Caring for your floors is important.

Browse our maintenance tips below to help keep your flooring in great shape for years to come!



Excessive amounts of water and wood don’t mix. Wood is a natural material that swells when it absorbs water and shrinks when it dries out. Even though some finishes are resistant to water, there are seams where boards are put together. Wipe up liquid spills before they soak down into these seams and your floor will remain unmarked, smooth, and level. Only use cleaners made by the manufacturer of your wood or laminate floor. Never use a damp mop to clean a hardwood floor.

Avoid furniture glides and spike heels. Those round-headed domes on the bottom of furniture legs make heavy furniture easy to slide around. But glides can tear up any floor while sliding, or dent the floor permanently under a stationary leg. All the furniture’s weight is concentrated on a tiny point, sometimes as much as 500 pounds on a 1/16-inch circle. Narrow ball rollers and spike heels are just as bad.

They strike a wood floor with more force per square inch than an elephant’s foot. Spread the weight. Use wide, flat, smooth plastic caps or rollers instead. You won’t dent or gouge your floor if you use the proper leg rests. Put a piece of carpet or fabric under furniture to move it. Grit is one of the biggest dangers to your floor. Tracked-in dirt is like sandpaper on a hardwood floor. Use a walk-off mat or rug at every outdoor entrance to catch the grit. Be sure to vacuum or shake it out regularly.

Hardwood Cleaning do’s and don’ts.

  • All floors with a urethane finish should never be waxed and require cleaners that won’t leave a film or residue
  • A hardwood floor cleaner is useful in removing occasional scuffs or heel marks. Merely spray some cleaner on a cloth and lightly rub the stained area. Sticky spots can be cleaned with a damp towel or sponge.
  • Do not use ammonia cleaners or oil soaps on a wood floor, as they will dull the finish and performance of your floor. These products will also affect the ability to recoat your floor later.
  • Since wood naturally expands when it is wet, never wet mop or use excessive water to clean your floor. Large amounts of water can cause the wood to swell and may cause your floor to crack or splinter.
  • Being a natural product, hardwood will expand and contract due to moisture level changes. Minimize water exposure to hardwood floors and clean up spills as soon as they happen.


  • Mats (heavy bristle) at all entrances help keep dirt and moisture from being tracked in.
  • Area/throw rugs are recommended in high traffic and spill prone areas (i.e. under sink in kitchen). Rugs should be slip-resistant with a backing that will not discolor the floor. (Rubber, foam backed or plastic are not recommended.)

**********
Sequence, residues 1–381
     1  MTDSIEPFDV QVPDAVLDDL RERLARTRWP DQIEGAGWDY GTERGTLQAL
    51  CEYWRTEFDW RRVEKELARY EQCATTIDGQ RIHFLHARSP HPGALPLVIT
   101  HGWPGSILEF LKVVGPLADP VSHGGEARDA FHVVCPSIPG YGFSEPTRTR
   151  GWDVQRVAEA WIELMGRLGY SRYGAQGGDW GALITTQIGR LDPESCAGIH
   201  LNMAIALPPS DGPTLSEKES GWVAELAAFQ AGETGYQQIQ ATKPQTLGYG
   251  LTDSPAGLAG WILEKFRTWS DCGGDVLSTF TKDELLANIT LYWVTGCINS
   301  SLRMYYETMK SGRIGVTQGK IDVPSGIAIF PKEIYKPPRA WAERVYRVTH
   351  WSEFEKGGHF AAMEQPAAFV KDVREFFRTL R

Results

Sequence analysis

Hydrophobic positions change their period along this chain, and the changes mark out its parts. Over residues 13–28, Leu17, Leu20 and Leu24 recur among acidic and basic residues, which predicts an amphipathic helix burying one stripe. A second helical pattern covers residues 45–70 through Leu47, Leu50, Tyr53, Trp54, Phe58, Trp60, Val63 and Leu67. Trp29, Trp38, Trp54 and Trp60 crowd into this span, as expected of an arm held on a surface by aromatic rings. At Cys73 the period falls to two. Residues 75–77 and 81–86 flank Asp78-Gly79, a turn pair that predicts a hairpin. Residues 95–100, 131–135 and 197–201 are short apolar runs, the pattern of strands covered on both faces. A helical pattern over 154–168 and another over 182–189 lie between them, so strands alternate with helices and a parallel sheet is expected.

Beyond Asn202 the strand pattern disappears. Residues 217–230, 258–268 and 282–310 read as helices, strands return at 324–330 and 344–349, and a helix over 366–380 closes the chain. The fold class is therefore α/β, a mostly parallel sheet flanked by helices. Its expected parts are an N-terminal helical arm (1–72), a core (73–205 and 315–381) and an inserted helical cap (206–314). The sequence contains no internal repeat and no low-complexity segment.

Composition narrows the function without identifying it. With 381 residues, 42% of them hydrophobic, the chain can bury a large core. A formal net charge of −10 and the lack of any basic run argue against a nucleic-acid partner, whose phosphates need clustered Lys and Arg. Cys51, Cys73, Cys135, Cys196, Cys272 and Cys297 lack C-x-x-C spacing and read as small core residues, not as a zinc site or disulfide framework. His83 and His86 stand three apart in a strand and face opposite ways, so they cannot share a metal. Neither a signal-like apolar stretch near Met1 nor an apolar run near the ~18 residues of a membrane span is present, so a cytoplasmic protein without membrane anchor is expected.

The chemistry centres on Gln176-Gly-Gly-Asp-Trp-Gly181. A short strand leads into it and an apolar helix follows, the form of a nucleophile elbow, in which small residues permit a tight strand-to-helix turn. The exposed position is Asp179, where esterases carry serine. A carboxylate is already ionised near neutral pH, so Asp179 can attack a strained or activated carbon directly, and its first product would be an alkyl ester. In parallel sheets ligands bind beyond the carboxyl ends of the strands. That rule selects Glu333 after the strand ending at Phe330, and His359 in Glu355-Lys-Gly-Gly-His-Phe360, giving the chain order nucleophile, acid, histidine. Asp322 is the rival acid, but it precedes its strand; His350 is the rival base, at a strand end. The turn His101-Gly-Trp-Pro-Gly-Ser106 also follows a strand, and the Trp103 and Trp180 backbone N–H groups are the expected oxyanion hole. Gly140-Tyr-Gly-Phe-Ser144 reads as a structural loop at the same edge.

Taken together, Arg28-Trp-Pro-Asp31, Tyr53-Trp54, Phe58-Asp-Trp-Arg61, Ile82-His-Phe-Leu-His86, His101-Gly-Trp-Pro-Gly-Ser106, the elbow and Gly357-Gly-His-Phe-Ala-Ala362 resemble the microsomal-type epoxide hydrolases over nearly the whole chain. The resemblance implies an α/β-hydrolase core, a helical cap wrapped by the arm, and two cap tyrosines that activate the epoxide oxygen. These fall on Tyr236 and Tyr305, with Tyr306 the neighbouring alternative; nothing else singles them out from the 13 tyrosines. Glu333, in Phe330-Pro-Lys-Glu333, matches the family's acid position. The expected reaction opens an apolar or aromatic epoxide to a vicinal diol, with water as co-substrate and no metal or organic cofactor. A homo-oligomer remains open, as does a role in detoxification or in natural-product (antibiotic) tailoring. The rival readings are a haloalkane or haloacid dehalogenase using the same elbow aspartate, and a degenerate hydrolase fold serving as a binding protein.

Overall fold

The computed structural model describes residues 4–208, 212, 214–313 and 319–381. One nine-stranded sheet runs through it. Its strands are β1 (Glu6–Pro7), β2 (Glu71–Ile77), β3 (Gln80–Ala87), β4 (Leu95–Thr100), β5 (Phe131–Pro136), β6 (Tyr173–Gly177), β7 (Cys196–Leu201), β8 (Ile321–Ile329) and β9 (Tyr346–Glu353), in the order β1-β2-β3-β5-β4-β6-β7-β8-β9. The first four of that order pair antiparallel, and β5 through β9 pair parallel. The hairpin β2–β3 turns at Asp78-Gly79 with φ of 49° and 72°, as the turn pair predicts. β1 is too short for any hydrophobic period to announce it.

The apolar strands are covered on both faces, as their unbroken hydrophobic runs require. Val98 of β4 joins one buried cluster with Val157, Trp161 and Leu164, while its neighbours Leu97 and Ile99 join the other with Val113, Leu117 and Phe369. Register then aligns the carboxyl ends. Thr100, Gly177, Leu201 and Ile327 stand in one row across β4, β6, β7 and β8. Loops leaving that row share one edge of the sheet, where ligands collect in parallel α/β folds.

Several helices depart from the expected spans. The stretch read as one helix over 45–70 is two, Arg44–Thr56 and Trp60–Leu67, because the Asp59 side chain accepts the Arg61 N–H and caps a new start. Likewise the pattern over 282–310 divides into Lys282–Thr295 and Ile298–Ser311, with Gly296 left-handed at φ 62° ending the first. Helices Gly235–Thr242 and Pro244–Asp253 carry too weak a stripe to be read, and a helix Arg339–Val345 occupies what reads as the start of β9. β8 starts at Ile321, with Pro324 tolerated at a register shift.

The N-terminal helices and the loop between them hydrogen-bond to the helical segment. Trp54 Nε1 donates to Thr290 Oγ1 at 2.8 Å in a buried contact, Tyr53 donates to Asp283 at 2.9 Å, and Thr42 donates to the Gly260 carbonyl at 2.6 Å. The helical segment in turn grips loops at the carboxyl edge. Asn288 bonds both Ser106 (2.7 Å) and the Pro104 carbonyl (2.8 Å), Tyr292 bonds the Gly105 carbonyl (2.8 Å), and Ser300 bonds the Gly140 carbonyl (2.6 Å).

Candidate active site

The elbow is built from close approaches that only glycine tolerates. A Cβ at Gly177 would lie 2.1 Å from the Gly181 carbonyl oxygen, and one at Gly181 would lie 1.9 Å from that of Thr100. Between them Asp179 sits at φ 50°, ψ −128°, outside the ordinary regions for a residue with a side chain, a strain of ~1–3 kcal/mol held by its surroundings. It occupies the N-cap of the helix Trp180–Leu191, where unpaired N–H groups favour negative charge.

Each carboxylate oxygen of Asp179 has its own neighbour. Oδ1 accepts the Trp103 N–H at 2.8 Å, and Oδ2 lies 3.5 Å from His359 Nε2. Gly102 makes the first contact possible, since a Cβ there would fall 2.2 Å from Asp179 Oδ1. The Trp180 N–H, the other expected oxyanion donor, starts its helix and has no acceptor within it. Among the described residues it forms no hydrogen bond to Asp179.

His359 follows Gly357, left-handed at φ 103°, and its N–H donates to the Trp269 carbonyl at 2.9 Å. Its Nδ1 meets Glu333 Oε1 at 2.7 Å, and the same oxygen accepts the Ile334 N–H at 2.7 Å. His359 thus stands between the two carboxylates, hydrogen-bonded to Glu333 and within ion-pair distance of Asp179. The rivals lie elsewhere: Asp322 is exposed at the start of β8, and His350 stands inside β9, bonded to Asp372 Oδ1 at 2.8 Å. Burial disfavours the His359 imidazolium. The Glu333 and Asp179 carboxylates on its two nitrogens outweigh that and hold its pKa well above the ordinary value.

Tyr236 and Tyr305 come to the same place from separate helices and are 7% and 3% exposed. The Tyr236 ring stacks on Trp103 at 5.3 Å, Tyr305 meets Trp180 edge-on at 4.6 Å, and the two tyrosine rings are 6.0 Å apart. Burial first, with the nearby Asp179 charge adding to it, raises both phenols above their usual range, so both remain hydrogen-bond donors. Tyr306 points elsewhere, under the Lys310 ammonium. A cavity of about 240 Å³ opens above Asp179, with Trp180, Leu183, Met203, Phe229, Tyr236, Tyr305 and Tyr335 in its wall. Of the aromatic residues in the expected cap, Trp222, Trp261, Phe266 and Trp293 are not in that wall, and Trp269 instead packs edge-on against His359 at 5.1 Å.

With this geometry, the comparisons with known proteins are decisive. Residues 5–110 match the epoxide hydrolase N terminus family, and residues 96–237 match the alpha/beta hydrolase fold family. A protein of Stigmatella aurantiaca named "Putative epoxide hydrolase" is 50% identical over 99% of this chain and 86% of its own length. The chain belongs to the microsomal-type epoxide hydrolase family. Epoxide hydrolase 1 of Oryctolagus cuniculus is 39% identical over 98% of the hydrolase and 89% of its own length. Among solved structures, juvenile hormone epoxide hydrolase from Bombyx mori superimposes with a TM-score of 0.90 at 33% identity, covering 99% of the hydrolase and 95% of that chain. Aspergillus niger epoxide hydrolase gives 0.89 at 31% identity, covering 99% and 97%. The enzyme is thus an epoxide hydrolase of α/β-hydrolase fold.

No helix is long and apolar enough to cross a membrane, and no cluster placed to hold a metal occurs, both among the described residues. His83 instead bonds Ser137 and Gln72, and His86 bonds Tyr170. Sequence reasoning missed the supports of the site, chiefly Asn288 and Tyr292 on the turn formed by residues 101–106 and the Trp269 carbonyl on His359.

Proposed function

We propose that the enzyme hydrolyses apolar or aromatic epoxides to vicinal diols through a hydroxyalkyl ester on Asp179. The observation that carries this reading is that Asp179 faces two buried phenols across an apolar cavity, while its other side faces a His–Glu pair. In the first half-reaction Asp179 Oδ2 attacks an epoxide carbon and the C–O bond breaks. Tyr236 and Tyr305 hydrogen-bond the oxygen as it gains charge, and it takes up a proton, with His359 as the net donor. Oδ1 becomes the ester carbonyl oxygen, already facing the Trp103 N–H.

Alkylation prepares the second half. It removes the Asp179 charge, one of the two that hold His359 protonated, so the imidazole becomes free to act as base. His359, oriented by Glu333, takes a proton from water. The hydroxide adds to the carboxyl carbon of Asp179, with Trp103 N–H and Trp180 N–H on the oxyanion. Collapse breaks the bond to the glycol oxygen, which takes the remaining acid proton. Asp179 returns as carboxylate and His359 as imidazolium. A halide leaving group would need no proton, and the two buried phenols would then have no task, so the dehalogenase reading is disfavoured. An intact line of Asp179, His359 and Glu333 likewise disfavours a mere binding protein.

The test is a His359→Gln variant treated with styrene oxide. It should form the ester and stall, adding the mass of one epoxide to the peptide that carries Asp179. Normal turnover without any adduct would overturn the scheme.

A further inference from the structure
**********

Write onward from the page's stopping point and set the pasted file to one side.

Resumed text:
• Proper floor protectors under furniture will help reduce the risk of indentation by distributing weight. For furniture that will be moved often, protectors made of carpet or felt are recommended to help prevent scrapes and scratches.
  • Stiletto or spike heel shoes, especially those in poor repair, will cause denting and damage to your floor. Loads in excess of 2,000 pounds per square inch can be produced by such footwear even when worn by a slight person. Manufacturers will not accept claims for damage from such exposure.

Day-To-Day Care

  • Vacuum regularly (low height setting without beater bar). This is the best way to remove dust and dirt before it gets walked into the surface of the wood.
  • Sweep and/or dust mop (as necessary).
  • Wipe up spills promptly. Slightly damp (not dripping) cloth is acceptable.
  • Cleaners only. For other floor care information, refer to your manufacturers’ floor care guide. The type of finish on your new floor will dictate the type of floor care and products required.

Hardwood Care products are available at all Coles locations. These products are made for hardwood floors to restore the original luster of your wood. Use the restoration product designed for your particular floor.


To help you understand this product, its limitations, precautions, and maintenance procedures, please read the following information.

  1. The newly installed tile must not be walked on for the first 24 hours. This time is necessary to allow proper curing and bonding of the tile adhesive.
  2. Finding the grout rough and gritty following installation is not uncommon. Damp water mopping daily for the first week or so will help cure the grout to its full strength. With age and time, all grout will smooth and change color somewhat from its original appearance.
  3. Furniture, chairs, and appliances should be properly supported and protected at the floor level to reduce possible tile damage. We strongly urge you to evaluate these conditions in your home and take corrective and preventive measures where reason and judgment would dictate.